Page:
The Latest from Mount Calvary, Baltimore

This is posted on The Anglican Use of the Roman Rite, reporting what Fr. Jason Catania writes in the October issue of Crux Fidelis:

On several occasions, I have suggested that the day when we would begin our new life as a Catholic congregation was in sight, only for there to be another delay. And no doubt many of you share my frustration in seeing other groups board the Barque of Peter ahead of us. But I can assure you that at this point, every indication suggests we do not have much longer to wait. As I announced from the pulpit recently, Mount Calvary is about to enter into mediation with the Episcopal Diocese of Maryland under the guidance of Judge Joseph Kaplan. This very positive development promises to result in a final property settlement in short order.

Another encouraging sign of progress is that those who attend the Episcopalian service in our All Souls Chapel at 9 o’clock Sunday mornings have been informed that this service will be coming to an end this month. They will need to find another church home should they wish to remain Episcopalians. Mount Calvary has permitted this service as a gesture of goodwill, but the Diocese of Maryland has determined that it can no longer be justified for the very small number of people who attend. This, I believe, is a tacit acknowledgement that in the near future, only the Catholic Mass will be celebrated at Mount Calvary…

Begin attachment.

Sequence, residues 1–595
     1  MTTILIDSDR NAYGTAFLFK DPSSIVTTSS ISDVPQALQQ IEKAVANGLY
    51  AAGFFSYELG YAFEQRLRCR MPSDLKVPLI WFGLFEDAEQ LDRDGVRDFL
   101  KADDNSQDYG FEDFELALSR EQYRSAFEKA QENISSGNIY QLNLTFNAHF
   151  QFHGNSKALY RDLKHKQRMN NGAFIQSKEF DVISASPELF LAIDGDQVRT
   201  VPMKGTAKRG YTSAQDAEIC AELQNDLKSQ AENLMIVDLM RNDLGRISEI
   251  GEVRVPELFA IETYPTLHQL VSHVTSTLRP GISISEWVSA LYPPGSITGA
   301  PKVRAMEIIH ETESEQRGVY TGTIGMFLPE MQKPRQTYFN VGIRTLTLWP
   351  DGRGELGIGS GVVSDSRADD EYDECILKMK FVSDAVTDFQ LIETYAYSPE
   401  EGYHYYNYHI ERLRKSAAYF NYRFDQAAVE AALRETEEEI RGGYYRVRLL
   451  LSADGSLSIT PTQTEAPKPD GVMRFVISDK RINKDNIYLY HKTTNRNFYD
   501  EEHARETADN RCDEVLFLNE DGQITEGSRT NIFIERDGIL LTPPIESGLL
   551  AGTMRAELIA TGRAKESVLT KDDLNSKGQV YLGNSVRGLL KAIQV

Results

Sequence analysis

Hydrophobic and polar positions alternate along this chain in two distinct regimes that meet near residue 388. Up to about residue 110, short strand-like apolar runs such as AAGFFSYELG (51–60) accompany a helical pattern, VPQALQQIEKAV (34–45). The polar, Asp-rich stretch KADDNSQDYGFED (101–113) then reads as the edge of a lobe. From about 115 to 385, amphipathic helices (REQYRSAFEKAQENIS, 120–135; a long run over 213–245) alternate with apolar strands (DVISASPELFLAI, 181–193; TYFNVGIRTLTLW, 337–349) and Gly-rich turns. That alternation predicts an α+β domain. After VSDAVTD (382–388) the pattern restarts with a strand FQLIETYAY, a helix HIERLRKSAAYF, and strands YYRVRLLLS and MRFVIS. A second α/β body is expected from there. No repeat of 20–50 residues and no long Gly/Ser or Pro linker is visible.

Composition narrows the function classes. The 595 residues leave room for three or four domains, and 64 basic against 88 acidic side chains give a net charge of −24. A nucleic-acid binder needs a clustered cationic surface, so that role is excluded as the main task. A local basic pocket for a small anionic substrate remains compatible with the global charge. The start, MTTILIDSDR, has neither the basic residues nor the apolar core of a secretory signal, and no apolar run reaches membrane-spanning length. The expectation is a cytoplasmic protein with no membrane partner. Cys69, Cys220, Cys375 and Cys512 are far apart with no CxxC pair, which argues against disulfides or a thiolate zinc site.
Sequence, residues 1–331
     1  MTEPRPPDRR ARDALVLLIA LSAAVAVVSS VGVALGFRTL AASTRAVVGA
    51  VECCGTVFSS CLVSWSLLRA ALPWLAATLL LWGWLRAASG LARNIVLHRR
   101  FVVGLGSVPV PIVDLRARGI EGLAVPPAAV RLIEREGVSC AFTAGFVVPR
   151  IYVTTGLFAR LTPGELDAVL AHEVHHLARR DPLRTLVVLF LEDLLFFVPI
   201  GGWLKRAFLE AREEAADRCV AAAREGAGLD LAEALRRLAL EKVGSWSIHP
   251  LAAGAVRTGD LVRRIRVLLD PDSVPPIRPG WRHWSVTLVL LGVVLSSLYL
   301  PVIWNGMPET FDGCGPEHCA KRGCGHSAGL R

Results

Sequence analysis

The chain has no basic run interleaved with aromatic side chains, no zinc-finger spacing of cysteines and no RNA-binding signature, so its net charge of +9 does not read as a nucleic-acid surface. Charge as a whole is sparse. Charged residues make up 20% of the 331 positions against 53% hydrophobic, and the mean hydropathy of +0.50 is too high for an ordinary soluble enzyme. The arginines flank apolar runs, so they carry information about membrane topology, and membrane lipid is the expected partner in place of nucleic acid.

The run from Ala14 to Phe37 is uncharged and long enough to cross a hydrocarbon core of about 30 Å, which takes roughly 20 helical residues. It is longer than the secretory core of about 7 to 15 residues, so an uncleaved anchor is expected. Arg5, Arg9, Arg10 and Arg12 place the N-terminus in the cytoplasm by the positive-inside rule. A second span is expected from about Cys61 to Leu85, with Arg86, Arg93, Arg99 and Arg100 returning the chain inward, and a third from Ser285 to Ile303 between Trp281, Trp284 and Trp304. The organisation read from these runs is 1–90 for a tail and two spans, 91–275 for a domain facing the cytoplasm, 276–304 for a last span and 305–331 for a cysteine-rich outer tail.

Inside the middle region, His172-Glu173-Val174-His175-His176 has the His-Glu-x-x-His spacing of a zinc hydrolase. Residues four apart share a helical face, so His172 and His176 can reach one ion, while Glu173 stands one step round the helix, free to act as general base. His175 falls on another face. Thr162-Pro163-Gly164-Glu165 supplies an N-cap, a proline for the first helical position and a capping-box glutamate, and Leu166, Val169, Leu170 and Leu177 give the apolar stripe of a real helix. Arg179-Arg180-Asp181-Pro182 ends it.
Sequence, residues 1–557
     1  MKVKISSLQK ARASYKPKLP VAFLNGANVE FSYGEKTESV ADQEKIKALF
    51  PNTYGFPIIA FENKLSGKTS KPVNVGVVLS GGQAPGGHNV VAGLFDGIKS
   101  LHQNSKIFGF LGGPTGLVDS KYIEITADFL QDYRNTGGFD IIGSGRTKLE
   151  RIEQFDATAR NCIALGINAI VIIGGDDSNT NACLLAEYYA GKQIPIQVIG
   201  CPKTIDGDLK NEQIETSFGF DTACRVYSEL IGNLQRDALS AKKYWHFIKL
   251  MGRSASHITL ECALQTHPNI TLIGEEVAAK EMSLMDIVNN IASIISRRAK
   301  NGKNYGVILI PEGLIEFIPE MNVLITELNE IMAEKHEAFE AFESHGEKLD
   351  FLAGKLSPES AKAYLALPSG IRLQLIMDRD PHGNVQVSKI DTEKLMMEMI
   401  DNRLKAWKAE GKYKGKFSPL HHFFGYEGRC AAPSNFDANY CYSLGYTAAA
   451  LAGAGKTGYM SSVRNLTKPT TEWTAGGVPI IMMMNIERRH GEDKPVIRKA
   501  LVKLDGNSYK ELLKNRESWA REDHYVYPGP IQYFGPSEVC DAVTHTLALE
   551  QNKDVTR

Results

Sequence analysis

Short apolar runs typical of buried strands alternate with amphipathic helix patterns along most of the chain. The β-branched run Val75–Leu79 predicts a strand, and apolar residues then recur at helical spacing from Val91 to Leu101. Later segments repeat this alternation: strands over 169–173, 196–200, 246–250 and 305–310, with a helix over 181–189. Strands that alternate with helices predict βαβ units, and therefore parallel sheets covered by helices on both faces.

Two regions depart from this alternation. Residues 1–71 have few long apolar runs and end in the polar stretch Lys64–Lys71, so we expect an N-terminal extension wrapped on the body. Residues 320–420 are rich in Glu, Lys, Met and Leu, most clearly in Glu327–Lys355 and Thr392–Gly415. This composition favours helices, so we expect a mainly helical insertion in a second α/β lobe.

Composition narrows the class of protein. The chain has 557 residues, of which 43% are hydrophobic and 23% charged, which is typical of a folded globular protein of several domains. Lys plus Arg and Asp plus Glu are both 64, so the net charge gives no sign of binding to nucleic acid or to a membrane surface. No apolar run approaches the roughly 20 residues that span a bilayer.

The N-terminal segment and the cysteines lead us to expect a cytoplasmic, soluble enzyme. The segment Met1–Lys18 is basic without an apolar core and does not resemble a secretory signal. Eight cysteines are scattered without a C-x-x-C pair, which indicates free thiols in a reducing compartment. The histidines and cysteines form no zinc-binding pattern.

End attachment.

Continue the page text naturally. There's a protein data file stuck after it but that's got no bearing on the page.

In June, the Holy Father’s delegate for establishing an Ordinariate in this country, Cardinal Donald Wuerl, informed the American Catholic bishops that Rome desires it to be established this fall. To that end, throughout the summer, dossiers for Anglican clergy applying for ordination as Catholic priests within the Ordinariate have been sent to Rome for review. I am pleased to share with you that mine was among the first batch of dossiers delivered to Rome, and that it has been granted a nulla osta, which means there is no canonical impediment to my ordination. I have now submitted further documentation needed for final approval of my ordination as a Catholic deacon and priest. Fr. David and the other clergy associated with Mount Calvary expect to be informed of their own status very soon.

The speed with which this has all been done suggests that an announcement regarding the formal establishment of the American Ordinariate and the naming of its Ordinary is not far off. Once the Ordinariate is established, Mount Calvary will be able to go about the process of becoming a canonical parish within it, assuming of course that a final settlement regarding our property has been agreed to.

A Brief Report from the Anglican Use Gathering in Baltimore

Anglican Use Mass at St. Alphonsus Church, Baltimore.

More than 100 people attended this week’s Anglican Use Mass at St. Alphonsus Church in Baltimore on the night before the March for Life.  Fr. Eric Bergman of the St. Thomas More Society in Scranton, Pennsylvania celebrated the Mass and preached.  The Mass was followed by a gathering at Mount Calvary Church for fellowship and to hear more about the Anglican Use and Anglicanorum coetibus.  At the gathering at Mount Calvary, Fr. Scott Hurd, assistant to Cardinal Wuerl for the implementation of Anglicanorum Coetibus, did much in his remarks to make those present feel positively about the future.  God bless Fr. Bergman and Fr. Hurd for their work on behalf of the Ordinariate.